Tag Archives: Phonte

undun: A Track-By-Track Review

At this moment, this is my hip-hop/R&B/(maybe every genre, but I can’t fairly say) album of the year. Common could change that next week, but for now, undun is it.

The shit is perfect. The Roots always come with it, but this one hit me hard from the first listen. Combining the best elements of each of their most recent albums — the dark tone of Game Theory and Rising Down, and the drive of How I Got Over — this should go down as one of their masterpieces. Unlike those albums, which I enjoyed no doubt (How I Got Over, especially, is really, really good), I thought undun — not including the four movements at the end — was incredibly consistent, and constantly building, throughout. There was never a dip or break in the action, and the sequencing is impeccable.

Much has been made of the fact that The Roots constructed this album to tell the semi-fictional story of Redford Stephens, a young, Black, urban teenager, and you can hear parts of that story being told on each of the album’s 10 tracks. However, despite the cleverness of the narrative, undun is mostly just about the music for me. Blacks Thought is Black Thought; the choruses on every song are tight and meaningful; and the stripped down, heavy and poignant instrumentation — especially the drums, guitars and piano — provide a perfect canvas.

1. Dun – A quiet intro, this does a fine job setting the stage. No lyrics and nothing too energetic from the instrumentalists or vocalists. This is simply the beginning of a steadily brewing tale.

2. Sleep – Clocking in at just over two minutes, and consisting of just one verse, this song creeps eerily — it almost feels like a clock ticking. Continuing the intro’s mission of laying the foundation for the rest of the album, we’re introduced to the dark world of Stephens via the hook (“I’ve lost a lot of sleep to dreams”), and Black Thought, who raps that “Illegal activity controls my Black symphony.”

3. Make My (Feat. Big K.R.I.T. & Dice Raw) – Featuring one hip-hop’s best lyricists, this rides smooth. KRIT and Black both offer up insightful verses, reflecting on their — or Redford’s — grim reality. Like “Sleep”, the chorus backs this up perfectly: “they told me that the end, won’t justify the means, and they told me that the end, don’t justify the dreams”. It’s the two-minute jam and harmonizing at the end that makes this song for me. I could listen to that segment on repeat for hours. So smooth.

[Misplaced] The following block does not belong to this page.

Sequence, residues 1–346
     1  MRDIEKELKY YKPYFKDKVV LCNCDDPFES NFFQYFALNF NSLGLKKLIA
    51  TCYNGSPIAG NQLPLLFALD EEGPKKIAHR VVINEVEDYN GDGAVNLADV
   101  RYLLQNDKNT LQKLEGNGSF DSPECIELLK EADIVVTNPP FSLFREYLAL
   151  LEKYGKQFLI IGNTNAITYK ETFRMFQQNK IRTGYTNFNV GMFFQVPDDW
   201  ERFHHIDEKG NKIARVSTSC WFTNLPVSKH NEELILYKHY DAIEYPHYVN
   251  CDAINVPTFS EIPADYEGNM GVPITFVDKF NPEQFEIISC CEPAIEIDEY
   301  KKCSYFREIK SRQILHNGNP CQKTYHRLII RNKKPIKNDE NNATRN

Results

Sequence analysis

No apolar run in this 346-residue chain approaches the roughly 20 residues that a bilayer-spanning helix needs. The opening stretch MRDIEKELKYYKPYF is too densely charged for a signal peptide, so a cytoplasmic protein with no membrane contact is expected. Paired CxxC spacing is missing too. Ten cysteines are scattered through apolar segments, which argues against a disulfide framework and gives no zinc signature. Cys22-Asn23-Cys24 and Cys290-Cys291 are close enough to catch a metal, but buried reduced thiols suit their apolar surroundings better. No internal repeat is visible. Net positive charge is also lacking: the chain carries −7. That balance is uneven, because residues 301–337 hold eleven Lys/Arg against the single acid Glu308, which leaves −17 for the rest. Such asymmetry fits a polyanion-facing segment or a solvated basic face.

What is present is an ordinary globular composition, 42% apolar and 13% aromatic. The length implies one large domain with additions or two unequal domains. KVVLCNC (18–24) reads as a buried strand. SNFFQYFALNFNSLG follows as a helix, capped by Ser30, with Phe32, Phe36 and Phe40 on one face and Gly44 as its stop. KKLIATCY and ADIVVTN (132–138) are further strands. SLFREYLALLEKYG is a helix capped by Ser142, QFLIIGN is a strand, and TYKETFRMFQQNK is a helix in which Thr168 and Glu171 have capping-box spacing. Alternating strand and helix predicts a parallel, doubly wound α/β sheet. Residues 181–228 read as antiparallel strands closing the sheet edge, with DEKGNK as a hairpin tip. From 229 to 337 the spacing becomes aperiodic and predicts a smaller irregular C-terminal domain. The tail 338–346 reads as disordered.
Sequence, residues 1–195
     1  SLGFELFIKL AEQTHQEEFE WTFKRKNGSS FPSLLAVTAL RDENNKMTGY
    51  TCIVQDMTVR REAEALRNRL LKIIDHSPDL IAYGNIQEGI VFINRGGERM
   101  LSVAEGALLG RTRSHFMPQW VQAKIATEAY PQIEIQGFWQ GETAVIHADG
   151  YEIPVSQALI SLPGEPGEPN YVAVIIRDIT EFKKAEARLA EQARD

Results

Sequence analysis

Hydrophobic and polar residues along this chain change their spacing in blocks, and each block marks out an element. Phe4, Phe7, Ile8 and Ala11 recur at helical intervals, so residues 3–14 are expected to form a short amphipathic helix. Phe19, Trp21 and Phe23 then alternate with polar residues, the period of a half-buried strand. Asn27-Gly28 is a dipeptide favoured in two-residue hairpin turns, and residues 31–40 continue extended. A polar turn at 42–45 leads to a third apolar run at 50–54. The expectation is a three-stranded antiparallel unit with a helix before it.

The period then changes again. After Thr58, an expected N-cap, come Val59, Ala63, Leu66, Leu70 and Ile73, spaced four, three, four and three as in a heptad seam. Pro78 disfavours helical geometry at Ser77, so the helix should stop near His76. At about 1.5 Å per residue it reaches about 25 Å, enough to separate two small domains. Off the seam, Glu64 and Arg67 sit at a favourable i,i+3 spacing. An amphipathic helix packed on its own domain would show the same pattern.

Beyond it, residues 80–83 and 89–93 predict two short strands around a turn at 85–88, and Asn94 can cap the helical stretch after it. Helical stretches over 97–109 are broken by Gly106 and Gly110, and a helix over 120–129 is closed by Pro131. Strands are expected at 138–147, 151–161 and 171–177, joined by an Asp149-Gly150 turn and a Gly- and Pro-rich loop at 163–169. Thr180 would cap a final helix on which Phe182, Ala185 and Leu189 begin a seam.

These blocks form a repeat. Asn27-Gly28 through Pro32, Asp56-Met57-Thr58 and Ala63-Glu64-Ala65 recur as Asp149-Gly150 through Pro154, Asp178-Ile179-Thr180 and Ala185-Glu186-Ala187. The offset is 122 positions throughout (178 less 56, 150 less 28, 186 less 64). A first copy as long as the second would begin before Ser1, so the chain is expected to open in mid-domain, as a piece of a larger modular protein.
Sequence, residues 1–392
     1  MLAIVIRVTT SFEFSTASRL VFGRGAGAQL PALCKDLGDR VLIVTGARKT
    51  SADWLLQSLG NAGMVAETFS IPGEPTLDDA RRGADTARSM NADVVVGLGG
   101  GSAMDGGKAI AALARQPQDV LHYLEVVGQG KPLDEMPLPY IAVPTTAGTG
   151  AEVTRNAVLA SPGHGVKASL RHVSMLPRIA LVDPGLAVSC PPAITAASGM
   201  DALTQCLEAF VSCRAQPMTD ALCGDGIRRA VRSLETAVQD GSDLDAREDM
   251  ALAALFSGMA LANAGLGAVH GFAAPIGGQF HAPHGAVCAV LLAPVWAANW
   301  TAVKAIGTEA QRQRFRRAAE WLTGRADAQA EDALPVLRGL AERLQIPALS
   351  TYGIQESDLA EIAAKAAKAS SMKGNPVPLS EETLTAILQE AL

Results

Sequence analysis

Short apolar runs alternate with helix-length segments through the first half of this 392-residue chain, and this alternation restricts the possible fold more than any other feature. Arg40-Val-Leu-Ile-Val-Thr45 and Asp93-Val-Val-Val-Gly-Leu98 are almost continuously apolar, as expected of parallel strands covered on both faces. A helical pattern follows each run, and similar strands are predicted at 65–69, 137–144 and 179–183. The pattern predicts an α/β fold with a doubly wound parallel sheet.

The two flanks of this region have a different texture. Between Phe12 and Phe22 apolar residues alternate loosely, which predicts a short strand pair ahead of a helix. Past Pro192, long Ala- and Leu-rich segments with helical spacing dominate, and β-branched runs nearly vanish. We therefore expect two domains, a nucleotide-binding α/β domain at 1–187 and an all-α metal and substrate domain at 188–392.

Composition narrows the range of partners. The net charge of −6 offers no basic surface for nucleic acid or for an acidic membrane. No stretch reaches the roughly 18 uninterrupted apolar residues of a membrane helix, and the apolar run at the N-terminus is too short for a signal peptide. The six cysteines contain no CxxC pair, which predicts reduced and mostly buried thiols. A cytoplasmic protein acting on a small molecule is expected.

4. One Time (Feat. Phonte & Dice Raw) – Dating back to their last album, How I Got Over, Phonte has become one of The Roots’ most effective collaborators. This record is no different. Here is where the pace of the album really picks up, as the keys and drums drive this one all the way home, along with some energetic rhymes from Phonte, who wastes no time getting things going  — “the spirit in the sky screamed homicide, but it was time to ride on some niggas funny-talking, if too much money talking we make ’em economize, real rap no tale-spinnin!” Black Thought dives in menacing on verse 2, and Dice Raw comes correct, as well. Another great, purposeful chorus, exemplifies just how flawless this album is, as “Make My” flows seamlessly into this, and this flow seamless into…

5. Kool On (Feat. Greg Porn & Truck North) – This shit right here?! On my first run-through the album, this is the first song that snatched my attention and made me hit the repeat button. Incredible chorus, fantastic sample and super-soulful, this grooves 100 percent and the rest is really gravy. Black spittin’ that shit as usual: “I got ’em waiting on the news like I’m Cronkite.” This is the only cut on undun that features a sample — check it out: DJ Rogers, “Where There’s A Will There’s A Way”.

6. The Otherside (Feat. Bilal Oliver & Greg Porn) – ?uestlove’s drums absolutely knock on this, and the keys are haunting. Fellow Soulquarian Bilal — one of the best crooners in the business — fits in perfectly and makes his presence well-felt in the refrain, personifying Redford’s tale.

7. Stomp (Feat. Greg Porn) – The guitar on this joint is phenomenal, almost erotic, reminding very much of the guitar on Kanye’s “Gorgeous“. No chorus, just spirited, passionate, distorted spoken word; something to listen to before a game…. Black’s best verse on the album — he smokes this shit! And it’s produced by Sean C & LV (Diddy’s comrades who did much of Hov’s American Gangster).

8. Lighthouse (Feat. Dice Raw) – Again with the perfect symmetry, Stomp rolls seamlessly into this, and it works out magnificently. Lighthouse may be the best song on this album. At the least, it’s got the best chorus — and maybe the best chorus I’ve heard on any hip-hop record in 2011. Some have compared it to some Stevie Wonder-type ish. The imagery and analogy they use is absolutely perfect. “No one’s in the lighthouse, face-down in the ocean…” The keys, bass and general airiness, makes you really feel like you’re in the ocean, or at least hovering over the Atlantic or the Pacific; it feels blue, but is the album’s clear plateau.